A total of 72.6% of the patients had good treatment compliance; 90.5% had received anti-tuberculous treatment more than once. The total cost of this MDR/RR-TB hospitalization was a minimum of $154.7 USD and a maximum of $27 846, with a median of $1574. Of the adverse reactions that occurred in 63.7% of patients with MDR/RR-TB, most were gastrointestinal reactions. Of the patients who experienced adverse reactions, 67.8% were given efficient treatment.


Adherence was compared among different subgroups using the chi-square test. It was found that education level, place of residence, household monthly income, presence of other chronic diseases, discontinuation of medication, and the frequency of anti-tuberculosis treatments were factors influencing adherence of patients with MDR/RR-TB (Table 2).

The variables with significant differences in Table 2 were extracted and the ORs and 95% CIs were calculated separately for them (Table 3).

Binary-logistic regression analysis revealed that drug discontinuation was a barrier to adherence to MDR/RR-TB treatment (Table 4).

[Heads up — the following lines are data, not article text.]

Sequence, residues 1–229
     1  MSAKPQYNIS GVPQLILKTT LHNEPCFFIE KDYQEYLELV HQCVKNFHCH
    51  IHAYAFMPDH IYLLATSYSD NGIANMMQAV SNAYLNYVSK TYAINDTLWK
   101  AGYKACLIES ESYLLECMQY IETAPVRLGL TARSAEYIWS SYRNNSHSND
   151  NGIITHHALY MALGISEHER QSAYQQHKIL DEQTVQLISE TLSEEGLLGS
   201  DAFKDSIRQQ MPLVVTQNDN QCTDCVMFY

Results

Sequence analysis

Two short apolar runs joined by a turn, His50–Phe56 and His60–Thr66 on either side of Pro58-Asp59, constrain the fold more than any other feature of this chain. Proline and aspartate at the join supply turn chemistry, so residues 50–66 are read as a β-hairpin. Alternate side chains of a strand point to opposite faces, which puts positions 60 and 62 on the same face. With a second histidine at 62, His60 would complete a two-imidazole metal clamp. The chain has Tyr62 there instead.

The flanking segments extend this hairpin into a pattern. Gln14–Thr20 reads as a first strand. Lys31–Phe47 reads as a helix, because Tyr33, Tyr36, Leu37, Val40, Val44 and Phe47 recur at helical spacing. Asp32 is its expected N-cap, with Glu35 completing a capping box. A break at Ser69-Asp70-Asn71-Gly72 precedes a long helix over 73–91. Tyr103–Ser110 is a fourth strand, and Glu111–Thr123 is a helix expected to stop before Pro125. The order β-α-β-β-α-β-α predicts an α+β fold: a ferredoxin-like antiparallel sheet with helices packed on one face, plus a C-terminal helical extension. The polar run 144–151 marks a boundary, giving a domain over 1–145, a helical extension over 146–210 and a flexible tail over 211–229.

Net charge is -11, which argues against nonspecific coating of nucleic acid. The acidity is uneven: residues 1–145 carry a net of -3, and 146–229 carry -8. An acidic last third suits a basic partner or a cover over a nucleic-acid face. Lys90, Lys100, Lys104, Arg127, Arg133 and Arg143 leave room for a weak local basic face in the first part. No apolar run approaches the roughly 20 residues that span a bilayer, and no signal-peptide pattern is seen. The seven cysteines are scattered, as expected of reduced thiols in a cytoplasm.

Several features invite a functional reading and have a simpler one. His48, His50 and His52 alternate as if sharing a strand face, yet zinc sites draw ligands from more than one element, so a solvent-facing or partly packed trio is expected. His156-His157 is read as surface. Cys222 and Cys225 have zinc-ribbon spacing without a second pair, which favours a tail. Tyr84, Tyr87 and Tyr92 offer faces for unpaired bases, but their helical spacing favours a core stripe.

Providing efficient treatment is a key step in stopping the spread of MDR/RR-TB. However, treatment that lasts for 18 to 20 months makes it difficult for patients to maintain adherence. In our study, 72.6% of the patients adhered to the MDR/RR-TB treatment. A previous report defined adherence and the differences in the way drug-sensitive and drug-resistant tuberculosis patients are managed in registries, treatment cycles and methods, and national policies; poor adherence was defined as a missed dose of medication [15]. The study revealed that factors such as marital status, annual income, tuberculosis knowledge, and medical staff visits affect drug-sensitive patients [15]. However, our study showed that low education level, place of residence, poor financial conditions, presence of other chronic diseases, discontinuation of medication, and frequency of anti-tuberculosis treatments were major influential factors of adherence to MDR/RR-TB treatment. Therefore, there are differences in the study population and findings between the 2 studies. Prior to the standardization of MDR/RR-TB treatment, many patients experienced more than 1 anti-tuberculosis treatment or non-standardized treatment with a failed outcome, possibly because drug sensitivity testing was not performed. These were the main factors found to influence treatment adherence in the results of the univariate analysis of the present study and were partially comparable to the results of similar studies [3,4,7,9–14,17–22]. Due to the low literacy rate, this segment of patients might have a relatively insufficient understanding of physicians’ advice and knowledge of tuberculosis prevention and control; therefore, they might not have a good grasp of the hazards of drug-resistant tuberculosis and the importance of standardized treatment during the consultation. MDR/RR-TB treatment regimens in this study included at least 4 effective anti-tuberculosis drugs, the costs of medication were relatively high, and there were some items not covered by health insurance. The 2-year-long treatment cycle imposed a heavy financial burden on patients. It was therefore difficult for patients who were living in a low-income family to afford the whole cycle of treatment. In 2020, the average annual salary of employed persons in urban private units in Anhui Province was $8134 USD, and salaries in rural areas were significantly lower than this. For some unemployed patients, it caused a greater financial burden. Patients with drug-resistant pulmonary tuberculosis were included in the reimbursement of chronic and special disease medical insurance. The proportion of inpatient treatment reimbursement was relatively high, and the proportion of outpatient treatment reimbursement was not high, and therefore, the economic burden of patients was great. As reported in other study, financial hardship was a major factor affecting treatment adherence in patients with MDR/RR [9,10,12–15]. In the province’s 16 cities, each city had only 1 designated hospital for MDR/RR-TB, usually a municipal general hospital; therefore, it was more challenging for patients with MDR/RR-TB living in counties and rural areas to find medical services than for those living in cities. Consequently, this was 1 possible reason accounting for non-adherence. Patients with comorbidity of other chronic diseases, discontinuation of medication during treatment, and a high frequency of previous anti-tuberculosis treatments were in poor general health, and the state of their diseases were more complex. Thus, they were more prone to be affected by other factors. Compared with the patients with drug-resistant tuberculosis alone who were in anti-tuberculosis treatment for the first time, the above-mentioned patients could obviously not totally adhere to the treatment.